HH: I think that going in, my idea of conservation and smart use was really narrow. As a paddler, and someone who thinks of myself as an environmentalist, I thought leaving more water in the stream and ripping out dams was the ultimate goal. But, that’s unsubtle, and doesn’t take into account all the different ways we use and need water. I was pretty quickly educated along the way, from ranchers in the headwaters who told me how they think flood irrigating benefits the ecosystem, to dam managers, who explained how they slowly let out water for places downstream.

Downriver: Into the Future of Water in the West

Traveling Solo & Other Challenges 

AR: Why did you decide to go alone?
HH: I think I subconsciously wanted to prove to myself that I could do a big solo adventure, but logistically, stubbornness was a big part of it, too, I wanted to make it happen, and doing it alone was logistically simpler in a lot of ways. I didn’t have to work around anyone else’s schedule, and I could make the decisions.

Running it that way had good parts and bad parts. I’d never been alone for that long before, and I ended up really liking it, but I also got into some scary situations where it would have been nice to have someone else to bounce ideas with. Plus, it was really FUN to have people along, and to be able to share experiences with them

AR: What were some of the most difficult things you confronted on your trip, from traveling alone to dealing with hostile people? Can you give an example, maybe of one that’s in the book? 
HH: I think the hardest parts happened inside my head, when I was lonely or frustrated or unsure of my own judgement. Almost across the board people were kind, and helpful, and willing to talk, once I showed them that I was trying to be open minded (I asked a lot of people a lot of stupid questions). I scared myself a few times, like the time I thought I was getting attacked in the middle of the night (it was a beaver). The only time I had trouble getting people to talk to me was when I tried to engage folks from the oil and gas industry.

Downriver: Into the Future of Water in the West

Taking the Packraft

AR: When did you get the idea to do part of the trip in a packraft? How much of the trip did you do in a packraft?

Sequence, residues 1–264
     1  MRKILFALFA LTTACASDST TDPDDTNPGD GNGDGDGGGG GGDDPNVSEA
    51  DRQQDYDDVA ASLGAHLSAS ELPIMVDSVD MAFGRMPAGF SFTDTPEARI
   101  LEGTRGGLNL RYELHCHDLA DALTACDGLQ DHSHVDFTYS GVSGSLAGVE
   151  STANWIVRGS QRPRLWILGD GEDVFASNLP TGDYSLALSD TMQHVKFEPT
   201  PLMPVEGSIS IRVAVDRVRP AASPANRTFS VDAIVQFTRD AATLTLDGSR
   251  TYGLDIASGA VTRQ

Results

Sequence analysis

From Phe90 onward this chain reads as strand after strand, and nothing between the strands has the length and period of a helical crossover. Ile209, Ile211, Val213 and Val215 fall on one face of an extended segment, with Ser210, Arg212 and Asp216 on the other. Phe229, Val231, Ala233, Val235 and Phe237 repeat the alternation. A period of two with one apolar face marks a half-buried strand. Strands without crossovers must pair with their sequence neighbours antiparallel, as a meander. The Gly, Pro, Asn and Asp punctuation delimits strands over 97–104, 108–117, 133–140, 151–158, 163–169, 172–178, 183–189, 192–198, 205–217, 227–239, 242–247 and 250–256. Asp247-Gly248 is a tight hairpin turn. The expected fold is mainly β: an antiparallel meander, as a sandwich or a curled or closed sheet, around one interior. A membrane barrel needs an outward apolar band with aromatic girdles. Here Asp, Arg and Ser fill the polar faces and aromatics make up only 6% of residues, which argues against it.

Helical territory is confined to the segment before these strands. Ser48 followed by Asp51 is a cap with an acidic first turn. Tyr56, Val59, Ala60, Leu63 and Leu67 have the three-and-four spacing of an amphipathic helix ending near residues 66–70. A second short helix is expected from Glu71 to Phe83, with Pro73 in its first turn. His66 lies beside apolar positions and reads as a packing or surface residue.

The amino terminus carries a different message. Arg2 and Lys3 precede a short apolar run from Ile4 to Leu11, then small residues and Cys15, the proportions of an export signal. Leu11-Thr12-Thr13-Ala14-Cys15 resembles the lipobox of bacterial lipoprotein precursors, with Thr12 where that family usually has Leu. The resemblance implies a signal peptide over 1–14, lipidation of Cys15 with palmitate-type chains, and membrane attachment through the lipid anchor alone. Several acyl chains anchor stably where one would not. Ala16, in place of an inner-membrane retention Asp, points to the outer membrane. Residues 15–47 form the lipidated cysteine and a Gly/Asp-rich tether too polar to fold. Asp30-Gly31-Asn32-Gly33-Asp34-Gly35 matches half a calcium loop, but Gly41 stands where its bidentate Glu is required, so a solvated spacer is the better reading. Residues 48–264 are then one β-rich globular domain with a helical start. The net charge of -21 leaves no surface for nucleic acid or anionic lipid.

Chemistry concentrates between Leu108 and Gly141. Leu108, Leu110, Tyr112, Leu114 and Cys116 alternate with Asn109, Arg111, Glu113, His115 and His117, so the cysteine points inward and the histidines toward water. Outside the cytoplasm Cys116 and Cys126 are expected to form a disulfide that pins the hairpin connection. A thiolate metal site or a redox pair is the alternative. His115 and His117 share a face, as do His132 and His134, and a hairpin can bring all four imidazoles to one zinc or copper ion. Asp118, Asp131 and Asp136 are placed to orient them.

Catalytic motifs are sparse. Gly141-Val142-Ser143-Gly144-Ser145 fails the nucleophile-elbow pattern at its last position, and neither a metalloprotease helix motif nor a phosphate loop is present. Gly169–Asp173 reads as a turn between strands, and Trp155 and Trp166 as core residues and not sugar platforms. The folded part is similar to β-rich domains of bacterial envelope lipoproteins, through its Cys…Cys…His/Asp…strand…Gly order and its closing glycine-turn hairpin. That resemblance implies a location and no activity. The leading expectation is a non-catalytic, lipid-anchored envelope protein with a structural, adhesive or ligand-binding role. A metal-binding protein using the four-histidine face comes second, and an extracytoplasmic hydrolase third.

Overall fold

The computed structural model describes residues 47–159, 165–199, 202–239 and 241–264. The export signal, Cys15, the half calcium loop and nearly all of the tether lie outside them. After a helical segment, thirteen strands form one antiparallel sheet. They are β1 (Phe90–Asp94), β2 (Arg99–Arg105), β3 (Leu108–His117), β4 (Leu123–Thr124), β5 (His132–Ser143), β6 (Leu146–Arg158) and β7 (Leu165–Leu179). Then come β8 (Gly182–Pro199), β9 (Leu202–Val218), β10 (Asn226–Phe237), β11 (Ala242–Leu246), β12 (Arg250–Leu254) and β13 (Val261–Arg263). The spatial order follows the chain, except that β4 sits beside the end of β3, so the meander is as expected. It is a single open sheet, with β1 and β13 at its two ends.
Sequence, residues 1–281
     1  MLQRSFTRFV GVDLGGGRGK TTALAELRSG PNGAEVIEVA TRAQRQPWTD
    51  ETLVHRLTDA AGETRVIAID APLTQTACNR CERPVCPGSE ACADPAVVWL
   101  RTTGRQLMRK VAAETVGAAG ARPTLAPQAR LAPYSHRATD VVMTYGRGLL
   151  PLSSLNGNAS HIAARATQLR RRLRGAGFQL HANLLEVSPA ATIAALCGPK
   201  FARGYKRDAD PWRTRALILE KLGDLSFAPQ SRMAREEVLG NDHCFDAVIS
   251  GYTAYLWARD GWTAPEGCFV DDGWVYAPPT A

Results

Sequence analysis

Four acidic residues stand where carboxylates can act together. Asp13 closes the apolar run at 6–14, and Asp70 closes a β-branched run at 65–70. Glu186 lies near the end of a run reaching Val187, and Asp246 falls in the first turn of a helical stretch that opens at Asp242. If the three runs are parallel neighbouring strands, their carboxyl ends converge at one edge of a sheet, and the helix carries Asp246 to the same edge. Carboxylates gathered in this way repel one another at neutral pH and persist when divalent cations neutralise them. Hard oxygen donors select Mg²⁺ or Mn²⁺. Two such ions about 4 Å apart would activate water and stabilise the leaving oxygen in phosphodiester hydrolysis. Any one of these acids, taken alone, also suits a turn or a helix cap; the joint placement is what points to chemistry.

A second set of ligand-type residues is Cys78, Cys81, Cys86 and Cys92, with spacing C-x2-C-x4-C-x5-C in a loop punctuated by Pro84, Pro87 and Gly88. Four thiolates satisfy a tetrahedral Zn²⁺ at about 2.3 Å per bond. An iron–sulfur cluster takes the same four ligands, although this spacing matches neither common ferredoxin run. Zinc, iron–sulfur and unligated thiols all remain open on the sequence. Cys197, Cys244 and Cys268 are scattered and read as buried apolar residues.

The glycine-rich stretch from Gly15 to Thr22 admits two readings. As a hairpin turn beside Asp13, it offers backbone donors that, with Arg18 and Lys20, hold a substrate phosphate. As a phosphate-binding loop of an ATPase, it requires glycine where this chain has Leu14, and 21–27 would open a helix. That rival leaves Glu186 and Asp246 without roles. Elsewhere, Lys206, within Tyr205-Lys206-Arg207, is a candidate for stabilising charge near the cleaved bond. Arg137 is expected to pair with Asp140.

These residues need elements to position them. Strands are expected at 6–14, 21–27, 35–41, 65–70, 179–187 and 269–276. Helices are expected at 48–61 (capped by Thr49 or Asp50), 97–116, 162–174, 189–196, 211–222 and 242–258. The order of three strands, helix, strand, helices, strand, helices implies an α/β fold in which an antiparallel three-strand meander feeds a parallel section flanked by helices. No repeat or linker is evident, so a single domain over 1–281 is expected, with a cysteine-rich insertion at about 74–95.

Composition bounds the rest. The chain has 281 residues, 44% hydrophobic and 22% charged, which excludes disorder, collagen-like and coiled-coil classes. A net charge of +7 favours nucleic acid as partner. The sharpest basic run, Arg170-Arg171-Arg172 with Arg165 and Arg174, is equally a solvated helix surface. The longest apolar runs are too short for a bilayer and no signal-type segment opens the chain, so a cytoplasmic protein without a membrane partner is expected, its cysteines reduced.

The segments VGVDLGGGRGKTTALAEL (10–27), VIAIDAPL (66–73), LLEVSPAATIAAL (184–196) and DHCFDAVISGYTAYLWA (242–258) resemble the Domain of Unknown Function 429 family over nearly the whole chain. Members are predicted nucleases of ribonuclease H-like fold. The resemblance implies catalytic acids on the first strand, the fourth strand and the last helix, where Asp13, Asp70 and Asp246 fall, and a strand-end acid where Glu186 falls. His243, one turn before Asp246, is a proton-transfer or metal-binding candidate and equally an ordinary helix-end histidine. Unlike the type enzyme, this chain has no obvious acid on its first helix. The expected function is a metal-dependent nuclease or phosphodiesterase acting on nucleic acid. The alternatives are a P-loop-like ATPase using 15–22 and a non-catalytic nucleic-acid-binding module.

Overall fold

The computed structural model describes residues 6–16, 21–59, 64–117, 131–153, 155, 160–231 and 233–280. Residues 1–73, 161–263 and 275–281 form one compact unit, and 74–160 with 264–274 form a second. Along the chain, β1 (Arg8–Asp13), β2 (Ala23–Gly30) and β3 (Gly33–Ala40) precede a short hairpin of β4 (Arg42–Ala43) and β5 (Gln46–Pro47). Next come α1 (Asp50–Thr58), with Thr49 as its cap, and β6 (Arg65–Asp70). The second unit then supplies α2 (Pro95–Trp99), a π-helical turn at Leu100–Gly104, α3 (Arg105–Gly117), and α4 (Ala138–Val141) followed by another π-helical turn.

HH: I ended up doing about two-thirds of the trip in a packraft. I did a few sections in bigger rafts (like when my parents came along through Desolation and Grey Canyons). And, I did the last stretch of flat water in a canoe. But, for the most part the packraft was the best compromise between ease, independence, and stability in whitewater. Before I went, someone tried to talk me out of it. They thought it would be too slow in flat water. There were definitely some times I got pushed around by wind, but overall I’m really glad I picked that boat.

AR: How difficult was the water you ran, and what level did you run it at? How did you contend with the dangers of river travel alone?
HH: I tried to be smart without being overly cautious, and without talking myself out of things. I scouted A LOT, and walked around things I thought were scary or sketchy. No shame in that! The biggest rapids I ran alone were class III. There are some class IV sections, but I ran those with other people. I’m not that dumb.

AR: What was one of your most beautiful moments on the trip, either with others or on the river?
HH: There were so many! In Stillwater Canyon, when I had friends with me, we got caught in one of the biggest thunderstorms I’ve ever been in. We got out of the river and found a little, dry cave to sit and watch the storm come through the canyon. Alone, I had a pretty good stare down with a wild horse after I’d been out and hadn’t seen a single human for nine days.

Downriver: Into the Future of Water in the West

What The Future Holds & How You Can Help

AR: What were your initial goals with the book? What are your goals now?
HH: Initially I wanted to write a book that I wanted to read and that could explain the complication of water law and water use in a tangible, readable way. I think I was thinking about it as a piece of education. Now, it feels more important for the book to be a point of connection, and a way to talk about bridging divides.

AR: Is there anything I’m not asking that you want to share with our readers about your adventures, your conservation work?
HH: If you want to go do a weird solo trip, go do it! This trip was definitely one of the best, most fun, most beautiful things I’ve ever done. And I’ve been asked quite a bit about what folks can do to take care of water and rivers. I think the most important things are being educated about your local issues and voting!

Downriver: Into the Future of Water in the West